Justin Gavin, father of DPHS senior Alyssia Gavin, admitted he went into the service for the money. He said, “It was a good career path to go into at the time.”  

Listening to the veterans talk about their, experience it was evidently clear that they all had different motivations to enter the armed services, but all united by the camaraderie they found once they joined. Those who have served have seen and experienced events that none of us can imagine, and they have had friendships most could only wish for.

Clickbait articles are annoying, disgusting, and impossible to ignore

By Elizabeth Kindt, Aviator staff writer

There’s nothing Daily Mail likes more than when a celebrity, usually a woman, wears something “risqué” so they have something to hook their audience with. I, for one, am sick of this cheap and demeaning tactic that has been so witlessly pursued by the journalists at Daily Mail.

What a famous woman wears is none of Daily Mail’s business. If she wishes to wear nothing but lingerie all week, who cares? Of course, lingerie as normal everyday fashion is rather chic, and I would love to read an article about it in that context.

The context being of course, “Hey, this person is making a pretty interesting fashion statement. Let’s write about it in a respectful way that doesn’t make it seem like we’re passing judgment because of what she’s wearing.” Not the context that Daily Mail uses, which is, “Hey, this woman has achieved a lot and she’s really successful, but isn’t this skirt she’s wearing far more interesting than that?”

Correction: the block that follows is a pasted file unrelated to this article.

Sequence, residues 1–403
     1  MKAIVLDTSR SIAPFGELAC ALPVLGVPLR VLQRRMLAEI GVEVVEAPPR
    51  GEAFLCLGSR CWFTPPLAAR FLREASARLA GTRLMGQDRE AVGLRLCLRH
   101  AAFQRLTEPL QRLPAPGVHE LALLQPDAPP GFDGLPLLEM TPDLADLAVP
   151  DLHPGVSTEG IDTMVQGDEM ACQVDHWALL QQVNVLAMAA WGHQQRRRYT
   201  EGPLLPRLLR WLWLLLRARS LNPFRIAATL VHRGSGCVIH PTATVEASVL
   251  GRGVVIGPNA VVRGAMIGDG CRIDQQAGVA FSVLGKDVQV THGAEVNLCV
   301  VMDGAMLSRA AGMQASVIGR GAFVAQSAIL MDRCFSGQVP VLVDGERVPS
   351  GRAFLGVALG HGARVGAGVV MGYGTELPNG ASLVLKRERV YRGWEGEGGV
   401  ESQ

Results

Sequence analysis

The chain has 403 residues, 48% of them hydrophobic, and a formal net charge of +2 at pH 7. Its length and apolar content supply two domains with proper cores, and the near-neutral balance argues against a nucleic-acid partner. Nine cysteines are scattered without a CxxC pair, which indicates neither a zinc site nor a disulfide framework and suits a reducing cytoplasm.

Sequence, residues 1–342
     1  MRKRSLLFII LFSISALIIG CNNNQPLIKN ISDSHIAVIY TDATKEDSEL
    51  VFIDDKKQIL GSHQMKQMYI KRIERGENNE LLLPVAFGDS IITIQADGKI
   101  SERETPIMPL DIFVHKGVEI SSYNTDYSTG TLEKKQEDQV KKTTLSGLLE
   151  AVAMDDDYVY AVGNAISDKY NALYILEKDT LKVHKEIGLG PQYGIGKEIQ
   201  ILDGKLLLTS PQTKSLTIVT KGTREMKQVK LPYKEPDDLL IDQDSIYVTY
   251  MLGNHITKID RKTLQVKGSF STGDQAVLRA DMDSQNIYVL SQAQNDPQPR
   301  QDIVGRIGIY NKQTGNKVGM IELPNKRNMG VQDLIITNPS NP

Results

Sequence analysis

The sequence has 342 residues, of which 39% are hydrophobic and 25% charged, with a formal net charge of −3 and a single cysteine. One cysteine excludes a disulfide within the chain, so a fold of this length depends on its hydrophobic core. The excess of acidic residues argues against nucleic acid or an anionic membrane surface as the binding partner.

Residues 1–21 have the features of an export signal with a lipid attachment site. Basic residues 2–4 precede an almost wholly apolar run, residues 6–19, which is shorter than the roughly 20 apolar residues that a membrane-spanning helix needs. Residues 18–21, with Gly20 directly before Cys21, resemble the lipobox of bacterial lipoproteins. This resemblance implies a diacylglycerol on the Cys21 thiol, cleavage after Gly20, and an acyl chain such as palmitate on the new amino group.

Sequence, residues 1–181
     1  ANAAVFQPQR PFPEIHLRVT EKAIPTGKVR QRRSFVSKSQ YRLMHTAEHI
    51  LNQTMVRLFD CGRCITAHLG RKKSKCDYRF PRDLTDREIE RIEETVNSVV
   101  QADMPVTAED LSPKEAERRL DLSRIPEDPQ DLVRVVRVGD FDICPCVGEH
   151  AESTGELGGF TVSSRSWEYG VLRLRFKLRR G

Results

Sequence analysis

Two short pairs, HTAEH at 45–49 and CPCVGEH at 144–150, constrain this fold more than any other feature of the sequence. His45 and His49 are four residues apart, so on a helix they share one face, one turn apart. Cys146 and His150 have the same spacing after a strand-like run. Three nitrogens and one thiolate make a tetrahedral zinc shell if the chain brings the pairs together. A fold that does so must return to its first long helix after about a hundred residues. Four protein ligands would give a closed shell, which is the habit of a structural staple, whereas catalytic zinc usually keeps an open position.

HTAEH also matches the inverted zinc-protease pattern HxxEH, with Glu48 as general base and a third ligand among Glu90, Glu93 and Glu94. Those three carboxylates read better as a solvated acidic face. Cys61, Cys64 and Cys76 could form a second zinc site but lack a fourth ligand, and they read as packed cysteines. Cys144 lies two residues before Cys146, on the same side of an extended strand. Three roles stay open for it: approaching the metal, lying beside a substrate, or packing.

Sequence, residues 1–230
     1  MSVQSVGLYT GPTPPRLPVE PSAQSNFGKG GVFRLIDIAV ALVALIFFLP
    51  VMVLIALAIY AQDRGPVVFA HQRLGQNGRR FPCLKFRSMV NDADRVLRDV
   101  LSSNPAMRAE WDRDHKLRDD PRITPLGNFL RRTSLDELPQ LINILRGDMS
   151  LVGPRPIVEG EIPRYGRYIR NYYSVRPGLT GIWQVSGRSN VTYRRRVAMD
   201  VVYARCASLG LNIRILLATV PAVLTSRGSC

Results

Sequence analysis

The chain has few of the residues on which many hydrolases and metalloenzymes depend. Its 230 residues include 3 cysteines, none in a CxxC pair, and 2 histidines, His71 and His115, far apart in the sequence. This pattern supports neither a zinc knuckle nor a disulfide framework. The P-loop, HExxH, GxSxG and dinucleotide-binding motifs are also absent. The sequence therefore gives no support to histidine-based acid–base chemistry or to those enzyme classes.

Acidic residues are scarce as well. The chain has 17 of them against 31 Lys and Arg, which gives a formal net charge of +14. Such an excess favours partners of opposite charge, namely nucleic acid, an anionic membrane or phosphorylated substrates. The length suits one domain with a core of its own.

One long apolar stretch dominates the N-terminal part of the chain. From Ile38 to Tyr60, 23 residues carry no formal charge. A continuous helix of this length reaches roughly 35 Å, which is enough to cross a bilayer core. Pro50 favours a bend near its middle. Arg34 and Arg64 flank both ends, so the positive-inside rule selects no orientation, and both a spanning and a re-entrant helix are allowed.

Khloe Kardashian doesn’t wear a bra and suddenly everyone at Daily Mail freaks out. It’s almost like people forget that women don’t always have a bra glued to their chest at all times. Surprise! Women don’t always wear bras; they actually have an upper-chest! This information is so incredibly shocking. I bet I’m just blowing everyone’s minds right now.

(And those things are expensive, do you have any idea how much money I would have if I had never bought any bras? I would be practically rolling in money. Going braless is not only chic and stylish, it can also save money.)

But Khloe Kardashian not wearing a bra isn’t a story, for there’s just no substance to it. She didn’t wear a bra. Good for her, I’m happy for her, but there’s just nothing else of interest in the story. Daily Mail is just eye catching clickbait that doesn’t deliver when they promise an interesting, and braless, story.

Few things make me more angry than when people judge a girl because of how much skin she shows or doesn’t show. What she’s wearing is none of your concern. Buddy, if you have input on how a girl is dressing and believe that your opinion matters, I’m just going to tell you right now, it doesn’t matter. The only person’s opinion that matters when someone is getting dressed or buying clothing, is that person who is getting dressed or buying the clothes.

And if a girl wishes to not show a lot of skin, let her. We all have different ideas of what is empowering. My idea of empowerment is different from another girl’s. We need to respect one another, no matter what we’re wearing or not wearing.